This is my piece in response to the Favourite Book theme. Just after this topic was drawn, I was up in London for a few days and went to a wonderful exhibition of Paul Klee's work at the Tate Modern. I don't always fork out and buy an exhibition catalogue but this was such a fantastic exhibition I had to treat myself - and it definitely became my favourite book of the moment!

I found so much to inspire me at this exhibition that it was hard to decide what textile work to develop. Klee's repeatedly worked with what his critics called "magic squares"  although they were rarely square but usually hand drawn shapes. He was also very interested in colour sequences and what he called 'gradations', and this was the subject of much of his colour theory teaching at the Bauhaus.  Another aspect of his work that I thought would translate to textile work was his interest in repeating doodled shapes that he often scratched into the painted surface.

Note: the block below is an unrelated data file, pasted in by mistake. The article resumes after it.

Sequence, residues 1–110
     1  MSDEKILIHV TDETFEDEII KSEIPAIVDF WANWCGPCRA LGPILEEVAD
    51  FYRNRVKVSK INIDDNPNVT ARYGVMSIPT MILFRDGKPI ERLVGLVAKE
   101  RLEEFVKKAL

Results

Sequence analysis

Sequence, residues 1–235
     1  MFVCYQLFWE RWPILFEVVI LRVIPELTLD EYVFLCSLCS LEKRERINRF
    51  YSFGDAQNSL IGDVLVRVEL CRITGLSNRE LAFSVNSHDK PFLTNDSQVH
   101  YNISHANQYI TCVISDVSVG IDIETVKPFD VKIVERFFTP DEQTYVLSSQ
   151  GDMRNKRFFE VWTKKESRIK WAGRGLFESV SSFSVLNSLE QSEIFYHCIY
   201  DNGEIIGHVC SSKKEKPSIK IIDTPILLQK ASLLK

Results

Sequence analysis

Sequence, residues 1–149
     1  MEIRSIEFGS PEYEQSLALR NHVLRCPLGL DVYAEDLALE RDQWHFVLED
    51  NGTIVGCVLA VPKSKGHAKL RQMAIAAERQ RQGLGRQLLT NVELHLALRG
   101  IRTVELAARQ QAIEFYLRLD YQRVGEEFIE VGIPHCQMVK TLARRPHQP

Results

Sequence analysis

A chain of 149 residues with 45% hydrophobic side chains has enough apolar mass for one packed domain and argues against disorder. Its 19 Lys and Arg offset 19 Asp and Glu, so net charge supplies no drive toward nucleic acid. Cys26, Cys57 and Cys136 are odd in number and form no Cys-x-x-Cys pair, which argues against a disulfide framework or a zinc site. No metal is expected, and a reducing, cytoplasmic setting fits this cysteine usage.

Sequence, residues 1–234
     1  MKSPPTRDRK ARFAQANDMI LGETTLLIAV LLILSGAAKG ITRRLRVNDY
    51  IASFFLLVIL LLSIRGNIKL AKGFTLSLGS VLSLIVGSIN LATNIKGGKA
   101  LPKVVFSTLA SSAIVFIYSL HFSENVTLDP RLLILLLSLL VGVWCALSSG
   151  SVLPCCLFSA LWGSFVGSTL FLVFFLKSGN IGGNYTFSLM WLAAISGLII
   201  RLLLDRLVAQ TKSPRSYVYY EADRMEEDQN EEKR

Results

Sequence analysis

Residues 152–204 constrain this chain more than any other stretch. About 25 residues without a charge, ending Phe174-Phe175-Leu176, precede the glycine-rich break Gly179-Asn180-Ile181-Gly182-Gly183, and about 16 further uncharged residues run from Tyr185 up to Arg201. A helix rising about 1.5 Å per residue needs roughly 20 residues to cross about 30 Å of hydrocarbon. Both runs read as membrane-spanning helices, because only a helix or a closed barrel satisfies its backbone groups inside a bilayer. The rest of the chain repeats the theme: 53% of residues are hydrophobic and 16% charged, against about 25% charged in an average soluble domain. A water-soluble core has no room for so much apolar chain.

In the end I decided to try to dye some fabrics and try to create my own 'gradations'. For the first time I tried the dyeing technique that I was taught at a recent workshop by Di Wells. Despite carefully following the notes she had given us that day, I wasn't quite sure what I was doing! I think using Dylon hand dyes meant my colours were softer than the colours we created at Di's workshop using Procion dyes. But you live and learn...and I decided to use the fabrics that I had I dyed.

I combined these hand dyed fabrics in a format similar to a piece of Klee's work that he called "Rhythmic landscape with trees" and I added some strips to the edges to allow me to incorporate some textured doodles in the borders.



So here is my "Homage to Paul Klee"!

Hope you enjoy, Chris

Every house I ever lived in….

Dear Maids,

Here at last is my response to the theme of architectural structure…its not exactly every house I ever lived in: starting top left,  the top row are the houses I lived in as child, then in reality there was a big gap when I was a student and living in shared houses in London, but from London 1976 around in a clockwise direction are all the houses I have owned (or part owned) as an adult!

The final image is the house in Falmouth that Robin and I bought two years ago on our return to Cornwall. That's why it has pride of place in the composition - and why I have left it less embroidered than the rest… I'm expecting there are still plenty of colourful experiences to have in this house!